Shuck and Jive

Opinions expressed here are my own and do not represent the views of the congregation I joyfully serve. But my congregation loves me!

Saturday, January 09, 2010

A Saturday Screed

Portugal shows it is more decent and humane than New Jersey (and virtually every state in the U.S.) by voting for marriage equality yesterday. Thank you, Portugal! Congratulations for standing up to the bullies!

The parliament approved the measure and it will likely be signed into law by conservative president, Anibal Cavaco Silva. I found this story buried in the back pages of the Johnson City Press:

Conservative President Anibal Cavaco Silva is thought unlikely to veto the Socialist government’s bill, which won the support of all left-of-center parties. His ratification would allow the first gay marriage ceremonies to take place in April — a month before Pope Benedict XVI is due on an official visit to Portugal.
What exactly happened?
The bill removes a reference in the current law to marriage being between two people of different sexes.
Just a slight change in wording. Why would they do such a thing?
“This law rights a wrong,” Prime Minister Jose Socrates said in a speech to lawmakers, adding that it “simply ends pointless suffering.”
Righting a wrong. It is that simple, isn't it? So what is the score on right vs. wrong these days?
Gay marriage is currently permitted in Belgium, the Netherlands, Spain, Sweden and Norway. Canada, South Africa and six U.S. states also permit it.
We have a way to go. The largest obstacle to justice, to righting wrongs, to being simply decent human beings will be of course, Christians.

Let us consider the Christians. Here is what they are up to as reported by The Raw Story:

The conservative American Family Association is calling on President Barack Obama to fire Amanda Simpson, Obama's transgender appointee to the Commerce Department, because the appointment "puts the weight of the federal government behind the normalization of sexual deviancy."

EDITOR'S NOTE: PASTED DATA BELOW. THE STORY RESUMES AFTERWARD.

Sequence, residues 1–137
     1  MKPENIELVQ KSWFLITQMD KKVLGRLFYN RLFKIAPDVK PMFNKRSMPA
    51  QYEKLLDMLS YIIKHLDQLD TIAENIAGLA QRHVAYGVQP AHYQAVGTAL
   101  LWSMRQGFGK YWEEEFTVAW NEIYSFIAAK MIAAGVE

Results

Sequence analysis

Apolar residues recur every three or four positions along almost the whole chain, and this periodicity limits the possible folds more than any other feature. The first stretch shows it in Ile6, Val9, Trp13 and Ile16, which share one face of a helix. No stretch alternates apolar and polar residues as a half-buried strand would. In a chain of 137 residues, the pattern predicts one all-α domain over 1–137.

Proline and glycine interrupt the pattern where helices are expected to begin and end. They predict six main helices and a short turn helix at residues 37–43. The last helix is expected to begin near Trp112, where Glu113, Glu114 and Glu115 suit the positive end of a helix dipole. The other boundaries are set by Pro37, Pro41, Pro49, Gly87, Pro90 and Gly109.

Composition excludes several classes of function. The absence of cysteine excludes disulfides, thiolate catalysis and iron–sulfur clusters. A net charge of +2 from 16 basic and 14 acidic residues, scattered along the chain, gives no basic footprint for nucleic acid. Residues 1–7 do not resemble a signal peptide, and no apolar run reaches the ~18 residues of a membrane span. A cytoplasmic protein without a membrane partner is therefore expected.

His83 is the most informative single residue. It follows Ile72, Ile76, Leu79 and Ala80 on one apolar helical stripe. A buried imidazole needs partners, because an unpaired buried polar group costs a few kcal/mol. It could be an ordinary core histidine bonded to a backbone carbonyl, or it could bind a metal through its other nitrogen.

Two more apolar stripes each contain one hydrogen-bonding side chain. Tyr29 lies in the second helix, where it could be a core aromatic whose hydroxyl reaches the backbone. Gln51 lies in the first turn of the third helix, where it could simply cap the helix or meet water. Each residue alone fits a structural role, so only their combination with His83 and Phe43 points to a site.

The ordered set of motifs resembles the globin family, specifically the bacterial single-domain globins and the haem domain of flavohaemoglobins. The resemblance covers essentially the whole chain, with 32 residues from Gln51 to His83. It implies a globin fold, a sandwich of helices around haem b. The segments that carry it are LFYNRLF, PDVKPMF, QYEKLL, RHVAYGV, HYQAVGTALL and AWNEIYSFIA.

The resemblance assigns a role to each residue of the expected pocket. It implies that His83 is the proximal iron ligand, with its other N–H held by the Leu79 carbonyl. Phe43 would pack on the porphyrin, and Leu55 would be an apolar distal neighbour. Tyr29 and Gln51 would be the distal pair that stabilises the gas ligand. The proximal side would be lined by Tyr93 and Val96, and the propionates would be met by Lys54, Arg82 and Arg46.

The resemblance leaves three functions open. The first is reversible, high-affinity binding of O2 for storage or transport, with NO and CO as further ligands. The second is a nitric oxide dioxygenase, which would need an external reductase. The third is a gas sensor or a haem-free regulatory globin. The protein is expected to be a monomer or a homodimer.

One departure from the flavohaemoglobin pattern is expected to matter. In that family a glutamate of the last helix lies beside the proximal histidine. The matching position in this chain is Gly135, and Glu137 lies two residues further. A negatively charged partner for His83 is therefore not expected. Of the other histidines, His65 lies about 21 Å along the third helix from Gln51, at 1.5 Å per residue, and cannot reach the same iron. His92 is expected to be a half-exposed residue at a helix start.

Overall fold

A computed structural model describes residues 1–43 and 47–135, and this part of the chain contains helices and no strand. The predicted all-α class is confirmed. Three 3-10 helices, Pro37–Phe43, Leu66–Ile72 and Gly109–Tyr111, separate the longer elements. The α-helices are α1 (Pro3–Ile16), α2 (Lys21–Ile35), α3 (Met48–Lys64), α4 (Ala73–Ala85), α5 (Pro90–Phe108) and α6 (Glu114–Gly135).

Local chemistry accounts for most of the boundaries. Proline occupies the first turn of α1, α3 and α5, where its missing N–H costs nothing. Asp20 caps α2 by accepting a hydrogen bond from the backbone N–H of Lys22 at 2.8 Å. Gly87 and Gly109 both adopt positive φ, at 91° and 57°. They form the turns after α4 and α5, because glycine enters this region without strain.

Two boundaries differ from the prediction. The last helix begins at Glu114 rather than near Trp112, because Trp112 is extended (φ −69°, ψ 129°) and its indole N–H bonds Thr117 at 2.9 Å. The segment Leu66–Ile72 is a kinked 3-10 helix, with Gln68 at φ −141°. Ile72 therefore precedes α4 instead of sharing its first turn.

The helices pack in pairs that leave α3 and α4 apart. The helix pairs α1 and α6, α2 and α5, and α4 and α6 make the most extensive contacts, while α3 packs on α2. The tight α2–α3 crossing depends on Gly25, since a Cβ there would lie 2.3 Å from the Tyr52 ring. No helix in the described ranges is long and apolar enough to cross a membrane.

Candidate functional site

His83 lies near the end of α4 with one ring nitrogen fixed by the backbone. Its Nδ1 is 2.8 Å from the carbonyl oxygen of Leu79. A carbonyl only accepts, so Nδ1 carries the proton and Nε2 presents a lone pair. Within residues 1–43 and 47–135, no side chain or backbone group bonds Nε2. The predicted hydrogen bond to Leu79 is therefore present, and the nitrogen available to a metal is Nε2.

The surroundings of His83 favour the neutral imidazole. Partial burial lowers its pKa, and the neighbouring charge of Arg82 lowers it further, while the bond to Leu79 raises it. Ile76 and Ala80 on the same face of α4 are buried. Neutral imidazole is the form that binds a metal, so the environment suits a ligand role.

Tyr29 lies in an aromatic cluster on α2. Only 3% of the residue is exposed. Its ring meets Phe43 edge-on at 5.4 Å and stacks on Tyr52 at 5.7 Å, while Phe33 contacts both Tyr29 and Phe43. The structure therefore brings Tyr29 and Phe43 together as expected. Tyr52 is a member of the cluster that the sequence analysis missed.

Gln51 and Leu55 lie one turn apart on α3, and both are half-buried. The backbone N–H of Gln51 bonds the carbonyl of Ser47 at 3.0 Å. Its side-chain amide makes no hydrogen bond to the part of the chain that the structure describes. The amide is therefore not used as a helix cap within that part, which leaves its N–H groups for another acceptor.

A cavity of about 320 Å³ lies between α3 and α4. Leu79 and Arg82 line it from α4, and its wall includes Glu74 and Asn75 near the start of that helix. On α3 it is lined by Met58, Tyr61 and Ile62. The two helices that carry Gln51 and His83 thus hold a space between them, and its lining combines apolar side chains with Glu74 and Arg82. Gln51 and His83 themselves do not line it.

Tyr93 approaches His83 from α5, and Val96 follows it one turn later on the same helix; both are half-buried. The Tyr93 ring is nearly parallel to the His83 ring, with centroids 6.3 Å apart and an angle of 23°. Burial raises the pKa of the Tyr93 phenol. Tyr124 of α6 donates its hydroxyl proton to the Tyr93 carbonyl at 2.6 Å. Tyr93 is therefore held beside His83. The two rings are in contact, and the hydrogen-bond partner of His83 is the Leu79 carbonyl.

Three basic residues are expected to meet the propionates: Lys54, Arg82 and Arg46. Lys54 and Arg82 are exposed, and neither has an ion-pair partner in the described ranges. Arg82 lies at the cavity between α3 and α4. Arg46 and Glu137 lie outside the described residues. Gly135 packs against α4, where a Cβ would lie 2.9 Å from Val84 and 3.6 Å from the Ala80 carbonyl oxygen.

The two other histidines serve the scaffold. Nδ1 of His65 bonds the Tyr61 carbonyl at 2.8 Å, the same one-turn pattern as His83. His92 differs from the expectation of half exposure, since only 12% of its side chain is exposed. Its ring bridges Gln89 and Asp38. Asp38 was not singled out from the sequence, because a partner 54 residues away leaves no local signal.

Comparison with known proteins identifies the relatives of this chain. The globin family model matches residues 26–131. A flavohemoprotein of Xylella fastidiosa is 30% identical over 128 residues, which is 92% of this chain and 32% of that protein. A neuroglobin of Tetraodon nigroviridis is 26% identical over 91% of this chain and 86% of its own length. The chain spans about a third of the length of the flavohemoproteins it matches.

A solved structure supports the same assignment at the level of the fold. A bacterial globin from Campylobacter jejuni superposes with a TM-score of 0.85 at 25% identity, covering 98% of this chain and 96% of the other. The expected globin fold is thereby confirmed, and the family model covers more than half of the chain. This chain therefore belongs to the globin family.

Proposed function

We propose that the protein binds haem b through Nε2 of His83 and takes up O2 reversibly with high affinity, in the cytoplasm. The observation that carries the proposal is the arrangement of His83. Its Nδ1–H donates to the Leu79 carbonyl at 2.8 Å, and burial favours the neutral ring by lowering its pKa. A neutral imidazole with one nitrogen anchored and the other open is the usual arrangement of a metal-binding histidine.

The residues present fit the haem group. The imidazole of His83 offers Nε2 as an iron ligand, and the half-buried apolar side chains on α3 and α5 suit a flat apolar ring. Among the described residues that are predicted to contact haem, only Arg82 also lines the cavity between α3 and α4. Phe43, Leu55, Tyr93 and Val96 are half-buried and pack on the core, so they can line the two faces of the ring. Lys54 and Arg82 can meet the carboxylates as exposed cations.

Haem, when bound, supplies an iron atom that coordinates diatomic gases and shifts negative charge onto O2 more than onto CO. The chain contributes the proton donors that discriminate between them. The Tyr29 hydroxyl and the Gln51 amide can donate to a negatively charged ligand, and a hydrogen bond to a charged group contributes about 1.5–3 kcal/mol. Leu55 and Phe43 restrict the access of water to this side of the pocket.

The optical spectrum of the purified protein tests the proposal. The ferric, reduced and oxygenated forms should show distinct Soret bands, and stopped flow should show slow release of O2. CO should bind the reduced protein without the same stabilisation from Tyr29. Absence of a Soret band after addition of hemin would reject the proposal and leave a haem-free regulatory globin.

"'Amanda' is a biological male in every cell of his body, and no amount of surgical mutilation is ever going to change that," AFA President Tim Wildmon said in a press release circulated Thursday. "It's a mistake for our president to appoint such a sexually confused individual to a position of public responsibility."
Why would Christians want to do such a thing? Here is a wild guess: superstition.
Wildmon went on to say that "gender is assigned by the Creator at the moment of conception, and no healthy society should ever regard sexual mutilation, even if it's self-inflicted, as something that's normal and merits approval."
Wildmon is an ignorant and an evil human being. He is certainly not alone. Our country is filled with folks who share his ideology.

My progressive Christian friends take offense when I post favorably about Richard Dawkins. To clear the air, I don't agree with everything Dawkins writes. I think there
is a place for humane, rational religious practice. But Dawkins is more right than wrong when he exposes the dangers of superstition. Christianity seldom loses an opportunity to flaunt its superstitions.

It is up to thoughtful Christians to prove Dawkins (and other critics of religion) wrong, not by defending indefensible superstitions or by claiming special privilege but by taking the necessary risks on behalf of justice, compassion, equal rights, reason, and freedom of thought.

Christians should be leading the way for gay and transgender rights. Christians should be leading the way on behalf of ecological sustainability. Christians should be leading the way defending the teaching of science in our schools. Christians should be leading the way in ending "pointless suffering" where ever it is to be found.

Dawkins and Company do not think Christians are leading the way. They think Christians are on the opposite side of justice. When I look around at what Christians are doing, I can see the evidence may be on the side of Dawkins. My comment to Christians who are offended by Dawkins is this: Don't whine about him. Get off your fat asses and do the right thing.

Now, you atheists. Yes, you are right that we Christians are bunch of fearful, homophobic, war-mongering, superstitious hypocrites. You are right to call us on it. But sitting around bitching about us over lattes at Starbucks ain't making it. Why don't you get organized and do something?

While we certainly have been ambiguous in our organization, Christians have historically built schools, hospitals, and do good work that is disconnected from superstition. We do have an infrastructure. There are a lot of progressive faith communities that are not superstitious and hold the same values as you. They are trying their damndest to make a difference. They could use your freaking help.

That is all. You may return now to your regularly scheduled programming.